“In this kaleidoscope of plays, you’ll meet many characters, human and non-human, that collectively shine a light on humanity with honesty, heartache, and humor. Cesi’s imaginative, playful and courageous words are golden for a performer. I especially appreciate the diverse casting that offers fresh perspectives on our shared human experience. These unique voices remind us that the world is full of wonder, and I’ll never look at pasta the same way ever again.”  —Rachel Lu, actress, Chingish and Front Cover

“From a pair of frozen peas who take themselves too seriously to an activist cow to an old friend of Jean Michel Basquiat, Cesi Davidson spotlights people and things that may never have otherwise seen the light. You can think you understand a character’s motivation, but in an instant they will transform and astound you, leaving you breathless. In this latest collection of Cesi’s plays, a reader will find in every piece the “audible friction” that is the title of the book. Many of the darker plays have an incredible lightness, and her lighter pieces offer deeper glimpses into subjects like grief, abuse and greed. She can broach these topics with ease because she knows how to encase them in love. Her cows are righteous, her peas are hard-working, and her words point us towards a more truthful version of ourselves.”  —Kim Chinh, actor, screenwriter, playwright, author of Reclaiming Vietnam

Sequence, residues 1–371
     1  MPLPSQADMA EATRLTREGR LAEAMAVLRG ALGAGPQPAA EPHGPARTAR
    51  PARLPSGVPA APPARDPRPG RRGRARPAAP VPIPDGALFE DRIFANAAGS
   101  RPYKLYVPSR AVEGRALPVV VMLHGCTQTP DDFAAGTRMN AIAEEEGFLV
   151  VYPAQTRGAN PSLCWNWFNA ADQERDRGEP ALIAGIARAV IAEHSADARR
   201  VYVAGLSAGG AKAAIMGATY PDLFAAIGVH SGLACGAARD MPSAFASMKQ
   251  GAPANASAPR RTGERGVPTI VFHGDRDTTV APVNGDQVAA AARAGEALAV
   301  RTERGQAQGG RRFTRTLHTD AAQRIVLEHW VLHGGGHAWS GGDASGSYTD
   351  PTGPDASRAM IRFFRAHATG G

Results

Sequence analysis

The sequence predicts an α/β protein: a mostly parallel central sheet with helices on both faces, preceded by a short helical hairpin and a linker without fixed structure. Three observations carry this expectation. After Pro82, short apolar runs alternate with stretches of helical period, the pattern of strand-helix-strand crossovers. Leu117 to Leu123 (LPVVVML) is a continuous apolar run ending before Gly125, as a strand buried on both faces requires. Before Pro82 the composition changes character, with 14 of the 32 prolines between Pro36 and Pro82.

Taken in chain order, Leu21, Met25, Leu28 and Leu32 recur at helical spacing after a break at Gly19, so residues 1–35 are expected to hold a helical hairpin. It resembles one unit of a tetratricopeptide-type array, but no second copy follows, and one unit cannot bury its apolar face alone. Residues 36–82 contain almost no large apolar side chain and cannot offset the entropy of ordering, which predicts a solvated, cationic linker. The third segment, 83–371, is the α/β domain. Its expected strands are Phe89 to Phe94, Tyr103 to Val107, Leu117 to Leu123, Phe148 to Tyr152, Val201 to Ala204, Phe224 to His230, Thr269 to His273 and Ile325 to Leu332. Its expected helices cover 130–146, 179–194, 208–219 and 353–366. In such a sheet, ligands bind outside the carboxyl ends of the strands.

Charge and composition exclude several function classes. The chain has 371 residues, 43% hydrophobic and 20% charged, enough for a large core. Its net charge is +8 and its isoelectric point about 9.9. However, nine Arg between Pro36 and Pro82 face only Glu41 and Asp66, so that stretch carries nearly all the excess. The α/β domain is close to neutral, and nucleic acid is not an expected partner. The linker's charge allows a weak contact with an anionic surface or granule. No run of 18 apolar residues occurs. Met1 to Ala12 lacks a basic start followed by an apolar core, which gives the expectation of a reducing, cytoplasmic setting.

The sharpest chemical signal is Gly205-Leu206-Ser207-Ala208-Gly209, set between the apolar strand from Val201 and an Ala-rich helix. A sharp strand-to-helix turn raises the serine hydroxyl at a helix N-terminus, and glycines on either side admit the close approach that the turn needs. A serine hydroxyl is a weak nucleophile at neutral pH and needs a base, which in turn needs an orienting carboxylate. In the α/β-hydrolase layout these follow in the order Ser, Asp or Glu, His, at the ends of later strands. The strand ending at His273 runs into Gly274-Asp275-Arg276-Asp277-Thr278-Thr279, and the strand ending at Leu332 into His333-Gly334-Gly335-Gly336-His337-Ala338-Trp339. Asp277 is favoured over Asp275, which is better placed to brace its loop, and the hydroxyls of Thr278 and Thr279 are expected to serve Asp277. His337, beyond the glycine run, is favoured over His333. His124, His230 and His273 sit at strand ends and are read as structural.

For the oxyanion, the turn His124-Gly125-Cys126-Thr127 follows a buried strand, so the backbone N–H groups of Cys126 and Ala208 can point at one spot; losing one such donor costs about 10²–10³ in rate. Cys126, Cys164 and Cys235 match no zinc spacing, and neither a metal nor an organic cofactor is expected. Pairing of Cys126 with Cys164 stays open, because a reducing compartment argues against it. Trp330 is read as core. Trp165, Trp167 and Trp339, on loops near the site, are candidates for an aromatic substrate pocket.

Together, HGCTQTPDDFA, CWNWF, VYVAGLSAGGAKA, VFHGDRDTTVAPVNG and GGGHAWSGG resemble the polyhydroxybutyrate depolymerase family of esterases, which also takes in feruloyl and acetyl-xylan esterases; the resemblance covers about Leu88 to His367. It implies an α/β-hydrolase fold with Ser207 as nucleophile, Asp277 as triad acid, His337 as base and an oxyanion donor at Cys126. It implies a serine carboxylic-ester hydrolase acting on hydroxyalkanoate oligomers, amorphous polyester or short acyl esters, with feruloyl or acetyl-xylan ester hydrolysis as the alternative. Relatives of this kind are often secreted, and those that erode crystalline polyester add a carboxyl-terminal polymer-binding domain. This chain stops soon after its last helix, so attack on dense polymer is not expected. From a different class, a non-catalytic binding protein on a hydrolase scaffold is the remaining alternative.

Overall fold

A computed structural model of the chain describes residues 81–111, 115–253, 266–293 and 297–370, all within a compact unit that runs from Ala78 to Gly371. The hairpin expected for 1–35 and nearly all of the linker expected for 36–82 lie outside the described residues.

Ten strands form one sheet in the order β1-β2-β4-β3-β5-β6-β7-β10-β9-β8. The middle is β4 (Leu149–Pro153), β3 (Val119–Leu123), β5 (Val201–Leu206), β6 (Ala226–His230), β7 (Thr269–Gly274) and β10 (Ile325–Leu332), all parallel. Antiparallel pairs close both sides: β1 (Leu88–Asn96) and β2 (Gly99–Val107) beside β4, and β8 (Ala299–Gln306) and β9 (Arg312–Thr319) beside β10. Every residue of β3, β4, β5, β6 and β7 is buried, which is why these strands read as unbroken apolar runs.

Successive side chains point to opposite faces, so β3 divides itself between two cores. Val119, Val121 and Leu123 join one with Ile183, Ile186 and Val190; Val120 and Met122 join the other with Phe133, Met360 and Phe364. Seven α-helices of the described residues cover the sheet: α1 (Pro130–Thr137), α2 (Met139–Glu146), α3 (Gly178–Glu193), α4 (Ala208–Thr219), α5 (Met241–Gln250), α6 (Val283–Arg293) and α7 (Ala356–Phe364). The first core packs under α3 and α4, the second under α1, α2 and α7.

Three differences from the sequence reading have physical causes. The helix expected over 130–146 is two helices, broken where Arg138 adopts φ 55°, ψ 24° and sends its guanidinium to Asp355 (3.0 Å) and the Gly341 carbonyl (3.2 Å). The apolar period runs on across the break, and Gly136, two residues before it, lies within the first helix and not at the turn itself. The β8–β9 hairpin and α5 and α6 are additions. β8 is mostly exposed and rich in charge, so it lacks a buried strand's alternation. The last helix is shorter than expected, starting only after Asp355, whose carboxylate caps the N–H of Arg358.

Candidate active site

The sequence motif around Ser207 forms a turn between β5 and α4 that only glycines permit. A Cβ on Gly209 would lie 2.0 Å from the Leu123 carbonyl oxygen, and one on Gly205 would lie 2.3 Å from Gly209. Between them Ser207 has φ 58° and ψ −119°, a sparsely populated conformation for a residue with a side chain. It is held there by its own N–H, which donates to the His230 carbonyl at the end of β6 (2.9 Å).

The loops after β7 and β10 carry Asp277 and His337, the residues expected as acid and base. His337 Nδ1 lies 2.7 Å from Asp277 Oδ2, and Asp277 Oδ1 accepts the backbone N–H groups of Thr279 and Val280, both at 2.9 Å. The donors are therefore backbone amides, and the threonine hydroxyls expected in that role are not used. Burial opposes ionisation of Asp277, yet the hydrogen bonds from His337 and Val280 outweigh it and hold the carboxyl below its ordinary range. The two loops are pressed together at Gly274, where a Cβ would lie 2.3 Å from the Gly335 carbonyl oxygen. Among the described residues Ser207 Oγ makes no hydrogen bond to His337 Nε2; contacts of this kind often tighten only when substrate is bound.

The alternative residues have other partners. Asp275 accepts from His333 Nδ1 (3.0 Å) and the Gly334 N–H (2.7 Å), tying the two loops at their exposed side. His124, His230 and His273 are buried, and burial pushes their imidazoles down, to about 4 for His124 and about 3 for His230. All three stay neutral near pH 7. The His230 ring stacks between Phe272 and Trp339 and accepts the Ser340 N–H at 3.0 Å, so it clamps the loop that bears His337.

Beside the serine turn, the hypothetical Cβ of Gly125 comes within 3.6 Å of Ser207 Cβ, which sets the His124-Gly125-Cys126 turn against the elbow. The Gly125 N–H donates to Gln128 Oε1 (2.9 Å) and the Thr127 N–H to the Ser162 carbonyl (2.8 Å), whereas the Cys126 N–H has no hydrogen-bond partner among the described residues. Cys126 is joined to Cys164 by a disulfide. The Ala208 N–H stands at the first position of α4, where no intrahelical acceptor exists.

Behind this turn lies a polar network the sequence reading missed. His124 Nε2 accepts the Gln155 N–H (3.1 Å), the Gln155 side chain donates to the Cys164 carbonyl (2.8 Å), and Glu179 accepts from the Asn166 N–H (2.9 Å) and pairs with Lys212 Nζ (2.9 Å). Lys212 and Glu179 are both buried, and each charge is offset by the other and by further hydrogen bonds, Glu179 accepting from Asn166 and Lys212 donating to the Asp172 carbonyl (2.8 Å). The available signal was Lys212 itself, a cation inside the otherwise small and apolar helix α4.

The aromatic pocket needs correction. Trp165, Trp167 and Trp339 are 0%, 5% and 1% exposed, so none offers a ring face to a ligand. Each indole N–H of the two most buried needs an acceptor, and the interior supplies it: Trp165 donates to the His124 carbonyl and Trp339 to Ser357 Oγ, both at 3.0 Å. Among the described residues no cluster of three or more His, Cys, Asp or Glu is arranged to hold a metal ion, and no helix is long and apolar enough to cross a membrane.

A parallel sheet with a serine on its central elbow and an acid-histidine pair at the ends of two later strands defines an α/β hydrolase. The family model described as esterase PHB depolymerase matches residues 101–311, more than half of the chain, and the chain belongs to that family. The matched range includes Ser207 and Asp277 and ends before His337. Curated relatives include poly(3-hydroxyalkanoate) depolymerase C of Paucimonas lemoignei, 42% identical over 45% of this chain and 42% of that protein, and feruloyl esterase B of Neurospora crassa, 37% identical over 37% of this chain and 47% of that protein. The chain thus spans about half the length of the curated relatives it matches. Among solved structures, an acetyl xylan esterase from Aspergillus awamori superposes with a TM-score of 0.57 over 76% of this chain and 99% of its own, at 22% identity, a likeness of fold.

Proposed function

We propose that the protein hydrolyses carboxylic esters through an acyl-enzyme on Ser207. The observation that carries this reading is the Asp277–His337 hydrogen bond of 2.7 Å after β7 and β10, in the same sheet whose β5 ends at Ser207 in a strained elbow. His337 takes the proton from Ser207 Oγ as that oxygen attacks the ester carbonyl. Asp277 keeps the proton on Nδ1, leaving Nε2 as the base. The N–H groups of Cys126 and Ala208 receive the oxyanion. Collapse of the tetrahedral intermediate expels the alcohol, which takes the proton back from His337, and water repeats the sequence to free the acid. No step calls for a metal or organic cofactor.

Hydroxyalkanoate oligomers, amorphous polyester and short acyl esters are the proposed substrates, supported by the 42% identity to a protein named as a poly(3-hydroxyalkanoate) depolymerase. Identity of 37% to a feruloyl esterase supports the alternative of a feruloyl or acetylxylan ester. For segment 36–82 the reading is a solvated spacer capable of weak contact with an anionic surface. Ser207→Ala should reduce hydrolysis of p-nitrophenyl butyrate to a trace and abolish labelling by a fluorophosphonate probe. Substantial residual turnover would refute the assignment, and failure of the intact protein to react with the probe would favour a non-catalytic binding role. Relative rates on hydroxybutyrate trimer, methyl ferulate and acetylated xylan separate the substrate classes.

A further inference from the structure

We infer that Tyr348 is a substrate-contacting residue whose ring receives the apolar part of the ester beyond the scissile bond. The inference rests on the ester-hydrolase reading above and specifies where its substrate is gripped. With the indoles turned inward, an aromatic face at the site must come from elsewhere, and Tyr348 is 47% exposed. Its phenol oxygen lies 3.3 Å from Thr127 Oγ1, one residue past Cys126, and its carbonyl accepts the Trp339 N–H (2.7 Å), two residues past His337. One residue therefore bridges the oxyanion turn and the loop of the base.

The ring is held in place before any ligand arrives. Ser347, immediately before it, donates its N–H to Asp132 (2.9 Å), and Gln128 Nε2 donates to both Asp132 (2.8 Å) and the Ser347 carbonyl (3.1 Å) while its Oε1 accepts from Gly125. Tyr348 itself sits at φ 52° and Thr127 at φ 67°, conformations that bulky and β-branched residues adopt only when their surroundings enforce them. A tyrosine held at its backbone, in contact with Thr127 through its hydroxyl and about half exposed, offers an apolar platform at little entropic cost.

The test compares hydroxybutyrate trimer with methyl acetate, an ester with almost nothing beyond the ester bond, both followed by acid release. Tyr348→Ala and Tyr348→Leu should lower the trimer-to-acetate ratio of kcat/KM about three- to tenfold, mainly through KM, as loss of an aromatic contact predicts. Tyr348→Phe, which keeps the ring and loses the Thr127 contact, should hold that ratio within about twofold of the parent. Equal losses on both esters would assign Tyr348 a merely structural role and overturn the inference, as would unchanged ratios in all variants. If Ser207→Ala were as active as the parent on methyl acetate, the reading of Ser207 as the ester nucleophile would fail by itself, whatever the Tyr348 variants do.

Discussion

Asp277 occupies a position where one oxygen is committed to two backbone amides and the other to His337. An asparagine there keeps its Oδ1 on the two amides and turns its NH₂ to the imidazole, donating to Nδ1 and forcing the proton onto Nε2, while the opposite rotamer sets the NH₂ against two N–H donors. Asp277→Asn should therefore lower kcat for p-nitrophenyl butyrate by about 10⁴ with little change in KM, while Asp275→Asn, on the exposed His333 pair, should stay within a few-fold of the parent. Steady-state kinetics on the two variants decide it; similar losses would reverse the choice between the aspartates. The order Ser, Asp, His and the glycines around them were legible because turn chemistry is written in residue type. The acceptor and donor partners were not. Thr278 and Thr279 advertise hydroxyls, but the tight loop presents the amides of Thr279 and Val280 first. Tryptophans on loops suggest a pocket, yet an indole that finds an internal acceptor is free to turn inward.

Tuesday, September 7, 2021

The 2020 Otherwise Award and Honor List

(Extracted from Alexis Lothian's post at

Oghenechovwe Donald Ekpeki has won the 2020 Otherwise Award for “Ife-Iyoku, the Tale of Imadeyunuagbon” (in Dominion: An Anthology of Speculative Fiction from Africa and the African Diaspora, edited by Zelda Knight and Oghenechovwe Donald Ekpeki, Aurelia Leo, 2020). 

2020 Otherwise Award winner Oghenechovwe Donald Ekpeki, “Ife-Iyoku, the Tale of Imadeyunuagbon”

The 2020 jury comprised Chesya Burke, M.L. Clarke, Liz Henry (chair), Annalee Newitz, and Tochi Onyebuchi.

A virtual award ceremony will be held on Saturday, October 30, 2021, at 3pm EST. For details on how to join, please check the website for A Room of One’s Own Bookstore, which is hosting the event.